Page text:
The terminals 31 and 33 are further connected to the respective power supply lines 11 and 12 for supplying electrical energy to the positioning control means 8.
The motor drive circuit according to the invention comprises a short-circuit means for short-circuiting at least one of the stator windings of the motor. In the embodiment shown in FIG. 2 the short-circuit means comprises three electronic switches 25e, 26e and 27e which are connected between the terminals 22, 23 and 24 respectively, and the star point 28 connected to ground potential, and thus bridge the respective stator windings 25, 26 and 27.
In response to the emergency control signal, the short-circuit means 37 alternately causes the switches 25e, 26e and 27e to open and close for temporarily intermittently short-circuiting the stator windings 25, 26 and 27. The short-circuit means 37 may comprise, for example, an oscillator of a customary type producing, when activated, a binary periodic output signal.
For generating the emergency control signal, the motor drive circuit comprises a signal generator 36 which produces a signal when there is a power failure of the motor 7. Such a circuit may comprise, for example, a voltage detector of a customary type connected to the supply terminals 20 and 21 which detects whether the supply voltage has dropped below a specific minimum level.
The operation of the circuit is as follows. During normal operation the motor drive circuit is fed through the power supply terminals 20 and 21. The stator windings 25, 26 and 27 are alternately connected to the power supply terminals 20 and 21 in a cyclic switch pattern. As a result, the stator windings are supplied with AC currents driving the motor 7 and, consequently, the disc 1.
The positioning control means 8 receives its supply voltage via the diode 36a. The moment the stator windings 25, 26 and 27 are de-energized as a result of a failure of the supply voltage between the supply terminals 20 and 21, the signal generator 36 will generate the emergency control signal.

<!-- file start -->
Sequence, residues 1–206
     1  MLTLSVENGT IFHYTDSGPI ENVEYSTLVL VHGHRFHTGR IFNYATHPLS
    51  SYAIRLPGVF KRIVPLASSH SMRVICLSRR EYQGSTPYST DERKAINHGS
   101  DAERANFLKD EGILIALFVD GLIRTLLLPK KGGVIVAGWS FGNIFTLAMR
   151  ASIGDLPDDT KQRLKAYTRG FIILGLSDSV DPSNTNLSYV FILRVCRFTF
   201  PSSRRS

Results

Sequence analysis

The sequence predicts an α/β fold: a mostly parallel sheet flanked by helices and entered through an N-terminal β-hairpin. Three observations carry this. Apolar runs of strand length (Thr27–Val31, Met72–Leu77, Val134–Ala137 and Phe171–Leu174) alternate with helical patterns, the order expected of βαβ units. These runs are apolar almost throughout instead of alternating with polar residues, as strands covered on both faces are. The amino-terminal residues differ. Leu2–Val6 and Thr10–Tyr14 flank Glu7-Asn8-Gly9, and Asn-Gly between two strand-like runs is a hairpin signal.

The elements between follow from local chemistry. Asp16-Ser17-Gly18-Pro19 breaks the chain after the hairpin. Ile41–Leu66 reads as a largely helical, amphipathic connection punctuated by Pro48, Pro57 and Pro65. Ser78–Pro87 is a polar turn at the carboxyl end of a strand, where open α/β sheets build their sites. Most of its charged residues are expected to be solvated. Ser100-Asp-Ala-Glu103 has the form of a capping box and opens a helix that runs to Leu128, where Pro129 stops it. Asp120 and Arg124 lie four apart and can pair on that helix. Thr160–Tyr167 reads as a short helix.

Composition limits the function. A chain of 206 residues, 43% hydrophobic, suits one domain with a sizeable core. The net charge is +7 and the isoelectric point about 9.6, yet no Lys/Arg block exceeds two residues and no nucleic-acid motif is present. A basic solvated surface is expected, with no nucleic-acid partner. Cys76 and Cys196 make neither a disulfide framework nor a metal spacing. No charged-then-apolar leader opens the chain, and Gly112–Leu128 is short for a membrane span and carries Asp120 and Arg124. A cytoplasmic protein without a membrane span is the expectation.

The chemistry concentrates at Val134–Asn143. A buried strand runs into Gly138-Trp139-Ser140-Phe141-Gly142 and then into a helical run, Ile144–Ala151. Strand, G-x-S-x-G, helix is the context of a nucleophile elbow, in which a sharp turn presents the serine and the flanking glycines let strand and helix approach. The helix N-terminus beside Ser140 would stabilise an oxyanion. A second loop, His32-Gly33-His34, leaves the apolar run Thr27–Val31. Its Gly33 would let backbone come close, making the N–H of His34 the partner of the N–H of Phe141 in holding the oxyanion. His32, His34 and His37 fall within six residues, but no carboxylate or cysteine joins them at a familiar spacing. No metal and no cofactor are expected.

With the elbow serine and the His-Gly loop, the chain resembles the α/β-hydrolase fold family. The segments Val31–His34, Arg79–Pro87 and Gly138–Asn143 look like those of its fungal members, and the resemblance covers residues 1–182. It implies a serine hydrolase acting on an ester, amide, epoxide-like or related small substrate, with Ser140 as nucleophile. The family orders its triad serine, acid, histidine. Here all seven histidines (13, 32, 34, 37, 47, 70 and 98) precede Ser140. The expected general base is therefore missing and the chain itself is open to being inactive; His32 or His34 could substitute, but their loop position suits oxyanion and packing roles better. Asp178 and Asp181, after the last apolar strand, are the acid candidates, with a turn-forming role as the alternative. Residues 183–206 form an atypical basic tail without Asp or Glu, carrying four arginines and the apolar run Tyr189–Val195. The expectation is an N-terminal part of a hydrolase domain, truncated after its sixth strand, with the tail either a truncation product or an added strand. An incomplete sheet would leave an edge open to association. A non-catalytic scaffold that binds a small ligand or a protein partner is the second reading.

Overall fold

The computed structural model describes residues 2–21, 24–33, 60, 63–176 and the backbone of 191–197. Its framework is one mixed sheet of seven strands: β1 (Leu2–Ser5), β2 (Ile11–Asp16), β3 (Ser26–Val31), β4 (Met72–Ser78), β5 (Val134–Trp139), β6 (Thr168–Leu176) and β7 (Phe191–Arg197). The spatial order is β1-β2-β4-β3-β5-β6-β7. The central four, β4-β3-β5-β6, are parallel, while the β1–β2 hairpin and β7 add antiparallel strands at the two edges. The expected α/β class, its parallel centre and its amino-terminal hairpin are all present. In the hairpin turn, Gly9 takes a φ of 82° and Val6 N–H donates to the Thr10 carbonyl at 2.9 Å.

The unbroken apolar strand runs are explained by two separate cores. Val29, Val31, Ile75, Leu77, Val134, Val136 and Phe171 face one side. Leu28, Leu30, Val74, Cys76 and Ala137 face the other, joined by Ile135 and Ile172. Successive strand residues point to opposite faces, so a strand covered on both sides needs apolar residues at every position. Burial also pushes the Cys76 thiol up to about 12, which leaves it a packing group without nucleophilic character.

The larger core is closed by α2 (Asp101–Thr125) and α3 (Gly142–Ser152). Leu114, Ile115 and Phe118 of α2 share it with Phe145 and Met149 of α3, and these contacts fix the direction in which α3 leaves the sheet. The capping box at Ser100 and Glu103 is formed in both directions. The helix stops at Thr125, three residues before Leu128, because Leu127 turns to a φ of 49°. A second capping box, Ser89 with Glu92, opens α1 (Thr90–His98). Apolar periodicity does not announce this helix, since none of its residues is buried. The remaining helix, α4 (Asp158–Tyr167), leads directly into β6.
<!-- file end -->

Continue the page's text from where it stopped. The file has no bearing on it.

This emergency control signal is applied to the positioning control means 8 which, in response thereto, energizes the actuator 5 so that the latter moves the head 3 in the direction of the idle position. In addition, the short-circuit means also receives the emergency control signal and will be activated thereby. During this operation the switches 25e, 26e and 27e are alternately opened and closed. In the closed position the stator windings 25, 26 and 27 are short-circuited. Since the still rotating permanent magnet rotor generates inductance voltages in the stator windings 25, 26 and 27, the current in the stator windings will increase up to the moment when the situation of short-circuiting is interrupted again. After the interruption the current flowing in the stator winding will be maintained as a result of the self-inductance of the stator windings. These currents charge the capacitor 32 via the dimes 25c, 25d, 26c, 26d, 27c and 27d. For that matter, said diodes form a so-called three-phase rectifier inserted between the terminals 22, 23 and 24 and the capacitor 32. When the capacitor 32 is being charged, the current will gradually diminish until the stator windings in a next period of short-circuit are short-circuited again and the currents will increase again. By thus alternately short-circuiting the stator windings and interrupting this condition, the kinetic energy available in the motor and disc is converted into electric energy and supplied to the capacitor 32. Since the power supply lines of the positioning control means 8 are connected to the terminals 31 and 33 of the capacitor 32, the power supply to the positioning control means is maintained after the supply voltage between the voltage terminals has dropped during the running period out of the motor 7. This period of time is sufficient to move head 3 to the idle position.
Though not necessary, it is preferable to control the voltage across the capacitor 32 to a constant value. This may be effected in a simple manner by making the switch pattern of the switches 25e, 26e and 27e depend on the voltage level across the capacitor. For example, it is possible to adjust the ratio between the time intervals in which the stator windings are short-circuited and the time intervals in which the short-circuit condition is interrupted. Another option is to deactivate the short-circuit means and thereby interrupt the short-circuiting of the stator coils once a specific upper limit R1 has been reached by the voltage across the terminals 31 and 33, until the voltage across the capacitor 32 has diminished below a lower limit R2. When the lower limit is reached, the short-circuit means 37 is re-activated after which the short-circuit condition is alternately caused to occur and be interrupted.